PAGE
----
15,000 march on Birmingham in pension strike protest
An estimated 15,000 people joined a public sector trade unions march through Birmingham this afternoon, despite the city council refusing to agree a route following a dispute over road closures.
Thousands of individuals on and supporting the national N30 strike ‘snaked’ through the city streets without official permission after the Birmingham City Council had demanded unions to pay up to £10,000 for road closures. Despite this obstruction, which many strikers felt the Tory-Lib Dem council had deliberately put up in support of the Coalition Government, trade unions including Unison, the NUT, GMB and PCS went ahead with the city centre demonstration; marching from from Lionel Street to the National Indoor Arena for a specially called conference.
Although it was feared the council ‘roadblock’ – coupled with rumours in the local press of the event being cancelled – would scupper the efforts of strikers wishing to protest against what Unison regional secretary Ravi Subramanian described as the “government’s attack on their pensions”, the public march and rally went ahead with a strong turnout by noon.
Earlier in the day, Unison members picketed the Tamebridge House transport engineering workshops for West Midlands fire service in Birmingham.
One striker said, “We are the only workshops across the whole of the West Midlands maintaining fire engines. We are on strike to protect our pensions and future generations. Millions on strike will send the government a strong message that together we can win.”
Some 55 council strikers joined picket lines at Lifford House and there was a very buoyant mood. Pickets sang, “I’d rather be a picket than a scab” as numerous passing motorists honked in support, including vehicles representing the Royal Mail service and Travel West Midlands transport.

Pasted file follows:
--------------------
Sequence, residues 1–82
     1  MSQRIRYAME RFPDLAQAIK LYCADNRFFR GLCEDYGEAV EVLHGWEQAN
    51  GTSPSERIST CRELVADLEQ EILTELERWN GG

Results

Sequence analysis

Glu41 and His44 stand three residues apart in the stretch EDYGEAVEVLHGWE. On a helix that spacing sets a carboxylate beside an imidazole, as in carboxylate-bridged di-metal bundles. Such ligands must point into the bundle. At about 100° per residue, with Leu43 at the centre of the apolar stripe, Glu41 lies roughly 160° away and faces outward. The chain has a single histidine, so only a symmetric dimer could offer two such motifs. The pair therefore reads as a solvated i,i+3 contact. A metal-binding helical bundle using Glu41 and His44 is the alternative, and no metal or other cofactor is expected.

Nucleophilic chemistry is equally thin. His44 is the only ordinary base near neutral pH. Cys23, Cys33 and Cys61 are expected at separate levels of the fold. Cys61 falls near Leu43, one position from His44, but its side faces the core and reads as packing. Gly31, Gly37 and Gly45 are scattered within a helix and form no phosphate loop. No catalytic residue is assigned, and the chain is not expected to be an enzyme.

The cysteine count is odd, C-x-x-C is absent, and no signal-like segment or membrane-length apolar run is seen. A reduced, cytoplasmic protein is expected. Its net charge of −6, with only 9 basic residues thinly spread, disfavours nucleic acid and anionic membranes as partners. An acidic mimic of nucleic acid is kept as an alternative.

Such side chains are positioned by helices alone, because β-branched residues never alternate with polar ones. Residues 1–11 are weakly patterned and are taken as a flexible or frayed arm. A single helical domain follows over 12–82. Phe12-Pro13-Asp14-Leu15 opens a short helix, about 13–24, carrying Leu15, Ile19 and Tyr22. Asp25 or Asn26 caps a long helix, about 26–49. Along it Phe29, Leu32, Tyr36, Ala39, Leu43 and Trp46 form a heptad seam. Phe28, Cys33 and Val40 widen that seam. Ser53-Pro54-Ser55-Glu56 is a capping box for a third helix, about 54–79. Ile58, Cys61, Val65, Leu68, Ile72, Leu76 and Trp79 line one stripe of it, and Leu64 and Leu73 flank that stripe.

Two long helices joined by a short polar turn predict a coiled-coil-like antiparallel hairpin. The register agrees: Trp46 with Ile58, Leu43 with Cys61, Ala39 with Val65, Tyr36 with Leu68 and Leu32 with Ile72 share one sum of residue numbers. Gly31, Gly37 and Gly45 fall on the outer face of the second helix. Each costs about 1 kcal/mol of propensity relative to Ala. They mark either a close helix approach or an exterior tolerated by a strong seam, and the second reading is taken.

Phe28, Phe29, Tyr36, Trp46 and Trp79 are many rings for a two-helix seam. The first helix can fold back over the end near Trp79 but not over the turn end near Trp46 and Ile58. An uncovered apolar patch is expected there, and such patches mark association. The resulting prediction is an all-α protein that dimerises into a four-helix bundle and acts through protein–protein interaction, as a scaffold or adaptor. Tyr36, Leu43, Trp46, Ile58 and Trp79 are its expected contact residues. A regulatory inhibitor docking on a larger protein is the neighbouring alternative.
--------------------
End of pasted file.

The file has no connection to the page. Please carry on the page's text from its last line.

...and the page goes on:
Elsewhere, striking council workers gathered at the Birmingham Perry Tree Centre in the early hours. One picket told Socialist Worker, “Our pay has been cut, there’s fewer than half the staff on shift and now they want to charge us to park outside our workplace.
“These cuts are devastating care for older people who have Alzheimer’s Disease and dementia. We are predominantly women and our work is hard. I hope there is a massive protest in the city today and we shut it down. It’s about time Cameron, Clegg and Osborne get a taste of our power.”
Over half of the schools in Birmingham were affected by the strikes as care workers, administrative staff, refuse collectors and a host of other public workers took part in 24-hour industrial action.
The National Union of Teachers (NUT), Public and Commercial Services union (PCS), GMB and public sector union UNISON also put their weight behind the action, when last night around 72,000 of all of the unions’ collective Birmingham members voted in favour of joining the national strike, said to be the largest in decades.
Doug Morgan, assistant secretary of the Birmingham branch of NUT, felt the wider public was fully behind the strikes. He explained:
“This is the actions of nurses, our teachers, our care workers. These are the people who look after society that are doing this and I think we are beginning to get the argument across that not a single penny which will be taken off us will go into a private sector scheme. The money is simply there to pay the deficit.”
At the Birmingham Perry Barr bin depot, all permanent workers had joined the strike, with some of those participating relaying accounts of bosses “threatening” casual staff who had agreed to join the protest.
According to reports, bosses remained on the depot gates while 40 strikers were picketing. Strikers had apparently tried to block bin trucks from leaving but the bosses called in police officers. One worker said, “I’ve worked here for 20 years but I work harder to work the same as I earned then.”
Another added, “I’m a driver. Bosses are telling us we use too much diesel—like I have any control over how much the truck uses. What they mean is they want
us to work harder and faster.”
The protest concluding rally at the NIA was chaired by CWU Midlands Regional Secretary Lee Barron with speakers including NUT Deputy General Secretary Kevin Courtney, GMB West Midlands Regional Secretary Joe Morgan, Unison Assistant General Secretary Karen Jennings and Tony Woodley, Executive Officer for UNITE.